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Commercial Disputes Weekly – Issue 154 February 2020


Abuse of process
The Court of Appeal has confirmed that although a unilateral decision not to pursue a claim for a substantial period while maintaining an intention to pursue it at a later juncture (also known as “warehousing”) may constitute an abuse of process, it does not necessarily do so. It will all depend on the reason the proceedings were put on hold, the strength of that reason, and the length of the period in question.
Alibrahim v Asturion Fondation

"… for legal advice privilege to apply to a particular communication or document, the proponent of the privilege must show that the dominant purpose of that communication or document was to obtain or give legal advice."The Civil Aviation Authority v R (on the application of Jet2.com Limited) & Anr

It will be an unusual step to take, but the Commercial Court has held that a court hearing an appeal from an order registering a foreign judgment in England has the power to order disclosure. Nevertheless, parties will be reassured to know the court will generally be reluctant to order disclosure in such circumstances unless strictly necessary and appropriate.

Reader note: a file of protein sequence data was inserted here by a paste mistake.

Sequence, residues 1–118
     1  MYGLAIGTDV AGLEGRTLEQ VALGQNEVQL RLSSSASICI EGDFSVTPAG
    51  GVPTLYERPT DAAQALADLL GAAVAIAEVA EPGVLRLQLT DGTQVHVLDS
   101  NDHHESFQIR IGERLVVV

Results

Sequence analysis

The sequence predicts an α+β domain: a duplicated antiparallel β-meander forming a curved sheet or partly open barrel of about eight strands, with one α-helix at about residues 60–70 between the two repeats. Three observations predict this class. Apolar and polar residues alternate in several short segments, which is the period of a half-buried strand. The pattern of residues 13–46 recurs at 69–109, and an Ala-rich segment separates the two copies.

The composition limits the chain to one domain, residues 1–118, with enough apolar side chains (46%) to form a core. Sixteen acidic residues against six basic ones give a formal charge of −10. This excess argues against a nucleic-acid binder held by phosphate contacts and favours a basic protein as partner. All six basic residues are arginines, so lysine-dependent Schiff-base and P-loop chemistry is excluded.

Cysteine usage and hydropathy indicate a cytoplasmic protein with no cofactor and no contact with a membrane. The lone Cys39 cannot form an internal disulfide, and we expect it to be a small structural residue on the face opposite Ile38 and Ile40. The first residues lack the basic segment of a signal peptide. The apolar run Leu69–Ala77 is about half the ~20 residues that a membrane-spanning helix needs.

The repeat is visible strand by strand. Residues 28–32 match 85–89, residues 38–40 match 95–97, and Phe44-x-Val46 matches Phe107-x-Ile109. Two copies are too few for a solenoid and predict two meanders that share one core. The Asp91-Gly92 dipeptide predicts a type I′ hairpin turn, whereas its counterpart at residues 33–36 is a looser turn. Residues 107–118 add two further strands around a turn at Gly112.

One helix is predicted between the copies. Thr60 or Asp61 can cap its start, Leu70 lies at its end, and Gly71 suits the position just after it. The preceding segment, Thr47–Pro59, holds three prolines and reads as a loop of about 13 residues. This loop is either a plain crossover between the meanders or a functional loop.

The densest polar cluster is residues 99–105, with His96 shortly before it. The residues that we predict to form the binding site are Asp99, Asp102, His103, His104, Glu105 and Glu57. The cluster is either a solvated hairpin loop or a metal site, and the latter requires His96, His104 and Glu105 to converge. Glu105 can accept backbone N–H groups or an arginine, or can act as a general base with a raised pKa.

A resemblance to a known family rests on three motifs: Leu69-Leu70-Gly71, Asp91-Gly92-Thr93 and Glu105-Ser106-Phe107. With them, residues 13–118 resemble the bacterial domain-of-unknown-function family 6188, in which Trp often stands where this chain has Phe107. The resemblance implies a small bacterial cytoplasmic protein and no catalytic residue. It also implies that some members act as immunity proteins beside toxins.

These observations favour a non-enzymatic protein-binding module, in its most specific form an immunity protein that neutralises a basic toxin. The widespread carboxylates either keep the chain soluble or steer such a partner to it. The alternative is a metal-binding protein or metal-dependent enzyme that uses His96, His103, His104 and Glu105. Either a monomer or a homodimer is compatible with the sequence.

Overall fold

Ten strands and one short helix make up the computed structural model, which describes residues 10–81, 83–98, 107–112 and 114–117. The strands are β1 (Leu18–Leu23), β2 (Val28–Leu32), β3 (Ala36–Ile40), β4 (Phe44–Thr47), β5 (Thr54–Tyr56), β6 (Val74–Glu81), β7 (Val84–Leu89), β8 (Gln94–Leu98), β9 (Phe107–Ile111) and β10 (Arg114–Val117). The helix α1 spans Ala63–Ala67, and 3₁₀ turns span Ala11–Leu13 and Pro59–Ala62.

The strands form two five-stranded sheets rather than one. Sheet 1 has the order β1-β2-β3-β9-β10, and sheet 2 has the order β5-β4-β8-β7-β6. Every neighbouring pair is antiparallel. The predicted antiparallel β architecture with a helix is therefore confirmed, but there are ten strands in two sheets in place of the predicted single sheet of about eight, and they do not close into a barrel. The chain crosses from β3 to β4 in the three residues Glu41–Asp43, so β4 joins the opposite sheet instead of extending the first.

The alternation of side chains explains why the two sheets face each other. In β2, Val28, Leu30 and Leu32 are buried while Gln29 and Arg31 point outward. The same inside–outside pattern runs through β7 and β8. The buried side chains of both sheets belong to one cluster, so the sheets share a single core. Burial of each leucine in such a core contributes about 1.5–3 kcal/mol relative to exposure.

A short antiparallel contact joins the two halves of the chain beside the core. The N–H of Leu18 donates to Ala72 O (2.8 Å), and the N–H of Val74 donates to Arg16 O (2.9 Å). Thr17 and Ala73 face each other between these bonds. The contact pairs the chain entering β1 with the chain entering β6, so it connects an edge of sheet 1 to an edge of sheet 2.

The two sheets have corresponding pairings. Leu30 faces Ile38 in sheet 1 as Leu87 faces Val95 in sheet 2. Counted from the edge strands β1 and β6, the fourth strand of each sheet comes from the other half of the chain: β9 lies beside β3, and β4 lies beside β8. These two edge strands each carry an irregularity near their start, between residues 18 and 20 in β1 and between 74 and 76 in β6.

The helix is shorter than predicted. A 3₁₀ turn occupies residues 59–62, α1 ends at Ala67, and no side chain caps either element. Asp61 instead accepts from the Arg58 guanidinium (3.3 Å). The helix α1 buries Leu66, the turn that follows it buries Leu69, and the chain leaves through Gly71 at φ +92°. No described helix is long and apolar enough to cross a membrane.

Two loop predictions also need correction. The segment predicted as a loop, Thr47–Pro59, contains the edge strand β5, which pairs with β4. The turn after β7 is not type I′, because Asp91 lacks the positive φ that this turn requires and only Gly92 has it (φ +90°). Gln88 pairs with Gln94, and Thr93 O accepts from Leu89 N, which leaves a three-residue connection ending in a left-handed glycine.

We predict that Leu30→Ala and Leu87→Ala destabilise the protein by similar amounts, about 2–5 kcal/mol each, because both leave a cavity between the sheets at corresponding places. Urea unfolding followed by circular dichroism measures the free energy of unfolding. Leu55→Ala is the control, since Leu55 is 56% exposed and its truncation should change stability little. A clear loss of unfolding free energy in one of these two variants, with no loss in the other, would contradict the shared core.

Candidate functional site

The Kingdom of Spain v The London Steam-Ship Owners’ Mutual Insurance Association Limited

In a case concerning in rem proceedings against an arrested vessel, the Admiralty Court has noted that since other parties may have a claim against the vessel, pursuant to the Civil Procedure Rules it is not appropriate to grant judgment in default of a defence unless the court is satisfied that the claim has been proved.
Qatar National Bank QPSC v The Owner of the Yacht Force India

The Court of Appeal has handed down its second significant judgment on privilege in as many weeks, confirming that a dominant purpose test applies to legal advice privilege as well as litigation privilege, and so when assessing whether emails sent to both lawyers and non-lawyers are covered by privilege, it is necessary to identify the purpose of the communication.
The Civil Aviation Authority v R (on the application of Jet2.com Limited) & Anr

Subsequent changes to the law can mean that past decisions taking a contrary view can be set aside for common mistake. However, the High Court has emphasised that when deciding whether a settlement agreement should be set aside for mistake, it will be necessary to consider the change of law and whether the parties simply made a misprediction about the course of future legal events, rather than a mistake.
Elston v King & Anr


Should you wish to discuss any of these cases in further detail, please speak with a member of our London dispute resolution team below, or your regular contact at Watson Farley & Williams:

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